In the latest volume of the MAR catalogue series the ancient sculptures of the Museum of Laon (France) are presented for the first time in their entirety. The catalogue consists largely of the collection assembled by Paul Marguerite de la Charlonie (1844–1921) and includes Greek and Roman exhibits from the Archaic period to late antiquity. The extremely rich inventory includes Cypriot kouroi, Hellenistic rulers, portraits of Roman emperors, Attic grave reliefs, and Roman sarcophagi. All objects were documented by Gisela Geng, photographer-in-chief of the Research Archive for Ancient Sculpture (Cologne), and are presented in detail in German- and French-language catalog articles.
For more than half a century, The Research Archive for Ancient Sculpture at the Archaeological Institute of the University of Cologne has documented little-known collections of Greek and Roman sculptures through high-quality photographs and their publication in the Monumenta Artis Romanae series. The present volume is an addition to this series and presents the ancient sculptures of the Musée de Laon. They originated with one of the most important French private collections of the early 20th century which has been in the museum's possession since 1937.
The outstanding characteristic of this collection lies in the quality of the sculptures, as well as in their diversity and their state of preservation. The focus of the collection is in works from the eastern Mediterranean, especially, Greece, Asia Minor and Alexandria. The original Greek sculptures range from a male cloak figure, dating back to the 6th century, through grave reliefs and god images from the 4th century BC, and extend to late Hellenistic works. The larger-than-life head of a Hellenistic king is of particular importance; portraits and a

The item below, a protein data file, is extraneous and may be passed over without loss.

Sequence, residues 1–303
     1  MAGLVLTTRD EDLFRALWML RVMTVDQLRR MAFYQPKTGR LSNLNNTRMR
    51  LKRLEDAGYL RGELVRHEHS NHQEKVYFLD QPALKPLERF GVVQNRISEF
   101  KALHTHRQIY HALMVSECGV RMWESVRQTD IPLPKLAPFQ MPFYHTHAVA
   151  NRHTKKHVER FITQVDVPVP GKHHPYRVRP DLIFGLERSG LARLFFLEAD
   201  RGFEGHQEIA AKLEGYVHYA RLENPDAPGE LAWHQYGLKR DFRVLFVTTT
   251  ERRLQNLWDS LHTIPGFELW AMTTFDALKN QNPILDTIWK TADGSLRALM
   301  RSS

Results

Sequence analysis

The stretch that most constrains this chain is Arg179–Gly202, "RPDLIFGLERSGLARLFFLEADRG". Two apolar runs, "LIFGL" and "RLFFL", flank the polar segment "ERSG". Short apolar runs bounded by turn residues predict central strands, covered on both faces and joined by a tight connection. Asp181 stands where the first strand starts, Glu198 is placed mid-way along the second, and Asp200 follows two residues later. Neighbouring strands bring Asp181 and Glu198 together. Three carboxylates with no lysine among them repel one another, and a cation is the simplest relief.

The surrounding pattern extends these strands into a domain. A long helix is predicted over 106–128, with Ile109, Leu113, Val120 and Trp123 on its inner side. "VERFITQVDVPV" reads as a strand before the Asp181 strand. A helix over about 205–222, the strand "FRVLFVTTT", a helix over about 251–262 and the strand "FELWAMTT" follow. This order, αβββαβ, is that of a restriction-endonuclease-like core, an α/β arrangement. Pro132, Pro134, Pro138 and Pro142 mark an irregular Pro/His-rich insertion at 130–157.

Most of the collection was assembled from the Parisian art trade by Joseph Eugène Paul-Marguerite de la Charlonie (1844–1921). In terms of origin, composition and state of preservation, it is similar to other contemporaneous sculpture collections in Europe and the USA. In contrast to the European antique collections of the 17th and 18th centuries, only sparse additions were subsequently made to the pieces which enhances its value and importance.
The catalogue is a result of a collaboration between French and German archaeologists, and provides an extensive material presentation of individual works and their photographic documentation. While carrying out fundamental archaeological research, it also seeks to contextualize the art works with particular attention to the provenances of the pieces.
Karolina Kaderka is a research administrator at the École Pratique des Hautes Études (EPHE) in Paris. After studying Classical Archaeology, Archaeology of the Roman Provinces and Ancient History in Prague and Munich, she received her doctorate in 2012 with a thesis on sculptural representations of urban Roman temple pediments, in a cotutelle between EPHE Paris and Technical University Dresden. Her scholarship focuses on the ancient sculpture and art and archaeology of Roman temples. She is currently engaged in research on the cultural and art transfer in antiquity as well as on anthropological approaches to the image and the interactions between image and space.